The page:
Isolation, culture and microinjection of mouse oocytes and embryos were carried out as previously described (DePamphilis et al. 1988; Martinez-Salas et al. 1989). Oocytes were obtained from 16 to 18 day old CD1 mice and cultured in minimal essential medium in the presence of 100 μ gml − 1 dbcAMP so that about 85 % retained their germinal vesicle. 1cell embryos were isolated 17 to 18 h after hCG was injected into CD1 or B6SJL females 7 to 8 weeks old. Embryos were cultured in Whitten and Bigger’ s medium supplemented with 40 μ M-EDTA and 2 μ gml − 1 of aphidicolin. 2-cell embryos were isolated 40 to 42 h post-hCG and cultured in Whitten and Bigger’ s medium plus EDTA.

Groups of 100 to 150 embryos at a time were injected with 2 pl of DNA sample into one of their nuclei using the same needle and an automated injection system (Eppendorf microinjector 5242). The amount of DNA injected was determined as previously described (Martinez-Salas et al. 1988). Surviving oocytes were cultured for 24 h, and surviving 1-cell and 2-cell embryos for 42 h before measuring luciferase or β -galactosidase activity in individual oocytes and embryos.

Transfection of promoter - luciferase constructs into cultured cell lines

Mouse NIH/3T3 and human 293 cells grown in Dulbecco’ s modified Eagle’ s Medium (DMEM) and 10 % fetal calf serum on 60 mm dishes to 40 – 60 % confluency were transfected with plasmid DNA using the calcium phosphate technique (Wigler et al. 1978). At 6 to 18 h after addition of DNA, the cells were incubated in 20% glycerol in DMEM for 2 min at 37°C. This solution was removed and fresh medium was added. At 48h after addition of DNA, the cells were rinsed twice with cold 20mM-Tris pH7.5, 137mM-NaCl, 5mM-KCl, lmM-Na2HPO4 buffer, then scraped into 1ml of cold 100 mM-potassium phosphate (pH 7.8), 1 mM-dithiothreitol followed by a 2 min centrifugation at 4000g at 4°C. The pellet was resuspended in 100 μl of the same buffer and immediately analyzed for luciferase activity or frozen and stored at —70 °C.

Staining cells for β-galactosidase activity

Oocytes and embryos were harvested at 24 to 72 h post-injection and rinsed through six 100 μl drops of PBS+0.4% PVP-40 under oil. This was followed by a 20 min fixation in cold 2% formaldehyde, 0.2% glutaraldehyde, 0.4% PVP-40 in 15mM-NaPO4 (pH 7.4), 150mM-NaCl (phosphate-buffered saline; PBS). They were rinsed as before, then transferred to 0.5 ml of reaction mix containing 5 mM-potassium ferrocyanide, 5 mM-potassium ferricyanide, 25mM-MgCl2, 2 mg ml − 1 X-gal (Bethesda Research Labs) in PBS. The fixed embryos were incubated in the dark for 16 to 24 h at 37 °C in a humidified chamber to prevent evaporation (Sanes et al. 1986).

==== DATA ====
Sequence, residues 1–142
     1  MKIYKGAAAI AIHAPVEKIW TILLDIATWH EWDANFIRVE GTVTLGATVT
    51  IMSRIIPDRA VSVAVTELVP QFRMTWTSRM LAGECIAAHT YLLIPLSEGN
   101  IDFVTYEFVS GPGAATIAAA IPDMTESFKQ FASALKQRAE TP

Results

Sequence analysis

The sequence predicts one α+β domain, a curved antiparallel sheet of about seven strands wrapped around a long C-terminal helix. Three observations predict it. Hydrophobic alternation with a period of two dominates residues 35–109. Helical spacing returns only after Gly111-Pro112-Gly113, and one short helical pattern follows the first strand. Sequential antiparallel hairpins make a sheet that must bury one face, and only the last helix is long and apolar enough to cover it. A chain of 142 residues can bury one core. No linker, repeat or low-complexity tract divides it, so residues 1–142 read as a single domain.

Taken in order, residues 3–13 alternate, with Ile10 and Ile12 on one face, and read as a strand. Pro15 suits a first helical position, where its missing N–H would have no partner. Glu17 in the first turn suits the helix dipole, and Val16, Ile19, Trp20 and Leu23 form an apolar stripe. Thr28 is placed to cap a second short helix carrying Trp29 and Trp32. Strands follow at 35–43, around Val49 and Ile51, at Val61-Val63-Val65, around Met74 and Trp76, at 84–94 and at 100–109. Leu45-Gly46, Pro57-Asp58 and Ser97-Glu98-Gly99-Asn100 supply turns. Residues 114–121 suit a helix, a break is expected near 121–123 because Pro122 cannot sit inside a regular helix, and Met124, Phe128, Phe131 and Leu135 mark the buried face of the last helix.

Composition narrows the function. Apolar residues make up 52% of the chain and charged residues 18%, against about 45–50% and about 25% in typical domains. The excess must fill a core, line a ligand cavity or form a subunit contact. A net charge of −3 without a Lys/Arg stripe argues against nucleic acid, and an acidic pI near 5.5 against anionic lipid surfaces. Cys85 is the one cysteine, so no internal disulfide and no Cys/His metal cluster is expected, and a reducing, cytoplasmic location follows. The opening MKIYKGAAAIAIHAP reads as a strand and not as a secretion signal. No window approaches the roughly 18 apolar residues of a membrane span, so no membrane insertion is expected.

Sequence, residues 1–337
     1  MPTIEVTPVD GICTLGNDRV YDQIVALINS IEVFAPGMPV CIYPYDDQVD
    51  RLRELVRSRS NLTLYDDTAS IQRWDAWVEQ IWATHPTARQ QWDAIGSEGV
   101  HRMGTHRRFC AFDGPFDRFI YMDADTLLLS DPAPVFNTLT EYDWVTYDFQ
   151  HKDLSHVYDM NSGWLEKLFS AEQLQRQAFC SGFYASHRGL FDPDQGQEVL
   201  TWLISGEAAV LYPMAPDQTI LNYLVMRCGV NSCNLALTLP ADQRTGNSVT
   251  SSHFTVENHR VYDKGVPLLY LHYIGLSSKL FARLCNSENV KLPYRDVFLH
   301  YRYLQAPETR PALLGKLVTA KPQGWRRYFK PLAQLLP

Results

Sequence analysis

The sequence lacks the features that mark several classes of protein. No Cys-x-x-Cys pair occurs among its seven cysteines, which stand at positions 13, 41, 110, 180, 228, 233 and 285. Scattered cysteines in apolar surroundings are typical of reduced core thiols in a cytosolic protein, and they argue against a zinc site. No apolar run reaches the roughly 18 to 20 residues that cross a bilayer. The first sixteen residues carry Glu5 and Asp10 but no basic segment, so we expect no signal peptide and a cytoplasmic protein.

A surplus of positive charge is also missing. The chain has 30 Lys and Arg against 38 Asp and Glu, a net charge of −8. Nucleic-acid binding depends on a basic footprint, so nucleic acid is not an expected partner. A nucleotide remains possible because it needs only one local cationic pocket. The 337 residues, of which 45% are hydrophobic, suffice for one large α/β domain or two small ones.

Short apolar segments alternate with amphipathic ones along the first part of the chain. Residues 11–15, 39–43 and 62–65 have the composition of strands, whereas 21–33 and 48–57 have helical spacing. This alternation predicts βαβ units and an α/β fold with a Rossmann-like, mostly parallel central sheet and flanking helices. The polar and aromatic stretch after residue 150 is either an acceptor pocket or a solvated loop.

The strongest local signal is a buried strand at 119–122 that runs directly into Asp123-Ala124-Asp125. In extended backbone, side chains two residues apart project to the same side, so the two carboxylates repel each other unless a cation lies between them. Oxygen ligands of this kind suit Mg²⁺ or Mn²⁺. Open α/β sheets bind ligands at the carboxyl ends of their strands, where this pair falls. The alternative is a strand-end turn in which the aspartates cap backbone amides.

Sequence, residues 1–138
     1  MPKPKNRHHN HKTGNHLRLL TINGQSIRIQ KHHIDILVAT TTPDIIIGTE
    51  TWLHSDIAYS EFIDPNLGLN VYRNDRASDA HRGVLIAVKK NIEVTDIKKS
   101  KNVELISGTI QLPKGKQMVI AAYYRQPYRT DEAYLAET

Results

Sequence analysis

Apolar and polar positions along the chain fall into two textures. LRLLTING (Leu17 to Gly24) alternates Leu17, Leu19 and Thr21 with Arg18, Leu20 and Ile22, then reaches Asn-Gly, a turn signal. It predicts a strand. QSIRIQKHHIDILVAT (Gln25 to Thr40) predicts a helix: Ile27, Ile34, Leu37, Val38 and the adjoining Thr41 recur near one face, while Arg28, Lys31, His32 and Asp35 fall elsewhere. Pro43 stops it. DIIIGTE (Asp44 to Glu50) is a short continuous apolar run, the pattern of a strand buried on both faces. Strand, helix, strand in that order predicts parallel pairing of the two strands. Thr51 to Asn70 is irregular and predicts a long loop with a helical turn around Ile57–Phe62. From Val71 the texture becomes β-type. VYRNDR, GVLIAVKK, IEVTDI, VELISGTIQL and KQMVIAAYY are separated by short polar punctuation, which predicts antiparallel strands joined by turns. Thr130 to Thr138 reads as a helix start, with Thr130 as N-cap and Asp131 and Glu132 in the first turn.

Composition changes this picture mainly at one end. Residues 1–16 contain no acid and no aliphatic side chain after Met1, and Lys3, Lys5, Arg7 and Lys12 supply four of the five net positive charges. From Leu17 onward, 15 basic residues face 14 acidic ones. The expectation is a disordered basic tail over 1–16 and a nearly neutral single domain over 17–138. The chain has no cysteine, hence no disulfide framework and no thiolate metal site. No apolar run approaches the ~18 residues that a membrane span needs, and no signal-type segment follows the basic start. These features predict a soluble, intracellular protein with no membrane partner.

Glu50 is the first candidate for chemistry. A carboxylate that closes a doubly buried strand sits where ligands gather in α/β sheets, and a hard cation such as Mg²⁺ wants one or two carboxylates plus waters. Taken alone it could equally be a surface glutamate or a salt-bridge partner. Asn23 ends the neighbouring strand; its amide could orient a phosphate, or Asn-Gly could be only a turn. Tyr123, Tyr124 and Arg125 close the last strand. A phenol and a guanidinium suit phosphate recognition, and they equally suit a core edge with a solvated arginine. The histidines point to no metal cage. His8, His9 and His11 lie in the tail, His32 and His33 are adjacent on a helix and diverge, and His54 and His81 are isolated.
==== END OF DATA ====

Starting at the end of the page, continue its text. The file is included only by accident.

Luciferase assay

Individual embryos were harvested in 50 μl of reaction mix (25 mM-glycylglycine (pH 7.8), 15mM-MgSO4, 5mM-ATP (pH7), 100 μg ml-1 BSA, 1 mM-dithiothreitol), subjected to three cycles of freeze-thawing (—70°C to 37°C) and then assayed in the presence of 1 mM-luciferin. Light emission from extracts of microinjected embryos or transfected cells were integrated for the initial 10 s of emission at 25 °C in a luminometer (Monolight 2001, Analytical Luminiscence). Each group of assays was standardized using aliquots of purified luciferase (Sigma) stored at -70°C, and light unit data were corrected for small variations from one experiment to the next (1506±46 light units/pg luciferase). This assay was linear from 10 fg to 200 pg of luciferase per assay.

c-myc immuno-blotting analysis

Differentiated cells (2.4 × 106 HL60 and 4.4 × 106 NIH/3T3) were washed twice in cold PBS by centrifuging for 5 min at 300g (4°C) and discarding the supernatants. Laemmli sample buffer was added to the pellet to give a final concentration of 2 × 104cells μ l − 1. Since the cell suspension was too viscous to pipette, it was sonicated for 60s while bathed in cool water and then incubated for 5 min at 100°C. Oocytes and embryos were rinsed twice in PBS containing 0.4% PVP-40. Embryos were collected in this buffer (100 embryos/5 μ l) and transferred to a 1.5 ml centrifuge tube containing an equal volume of 2X Laemmli sample buffer. These were then incubated for 5 min at 100°C. Lysates were fractionated by electrophoresis in a 10% polyacrylamide gel containing SDS. Polypeptides were electrophoretically transferred onto a nitrocellulose membrane in a buffer containing 12.5mM-Tris (pH 8.3), 96mM-glycine, 20% methanol, and 0.01% SDS. The membrane was incubated for 90 min at 37°C in PBS containing 5 % non-fat milk, followed by 1h at room temperature in 10 μ gml − 1 of affinity-purified rabbit-anti-c-myc (Miyamoto et al. 1985) diluted in PBS containing 5% non-fat milk and 0.05% Tween 20. This was followed by six 5 min washes in PBS and 0.05 % Tween 20, and then a 1 h incubation in 0.2 μ Ciml − 1 I25I-Protein-A diluted as above. The membrane was then washed eight times for 5 min in PBS and 0.05% Tween 20, air-dried and subjected to autoradiography using Kodak X-Omat AR film and a Dupont Cronex Lightning Plus intensifying screen.

Transfection of pEII-CAT into differentiated cell lines and CAT assays

Approximately 30 – 50% confluent 9 cm plates of HeLa, NIH/3T3, BHK hprt—, Rat 1, and Ltk-cell lines, grown in DMEM+10% fetal calf serum, were transfected by the calcium phosphate technique of Graham and Van der Eb (1973). These cells received precipitates that contained 3 μg pEII-CAT or pEII65-CAT with or without 5 μg of the Ad5 E1A-expressing plasmid, pCE. About 16 – 24 h later the transfected cells were shocked with 20% glycerol in PBS for approximately 2 – 3 min, followed by a PBS rinse, and were then refed with DMEM+10% FCS. Two days later these samples were harvested by scraping in 0.25 M-Tris, pH 8.0 and either freeze thawing or mildly sonicating. Soluble extracts were obtained by centrifugation and CAT assays were performed using 100 μl of extract, 2.5 μl of 33.3 mg ml − 1 acetyl CoA (Sigma), and 1.5 μl of [14C]chloramphenicol (Amersham; 53mCimmol − 1, 0.2 μ Ci μ l − 1) for 3h at 37°C. Samples were extracted in ethyl acetate, and thin layer chromatograms (TLC) were resolved in 95% chloroform:5 % methanol. The TLCs were exposed to Kodak XAR film overnight.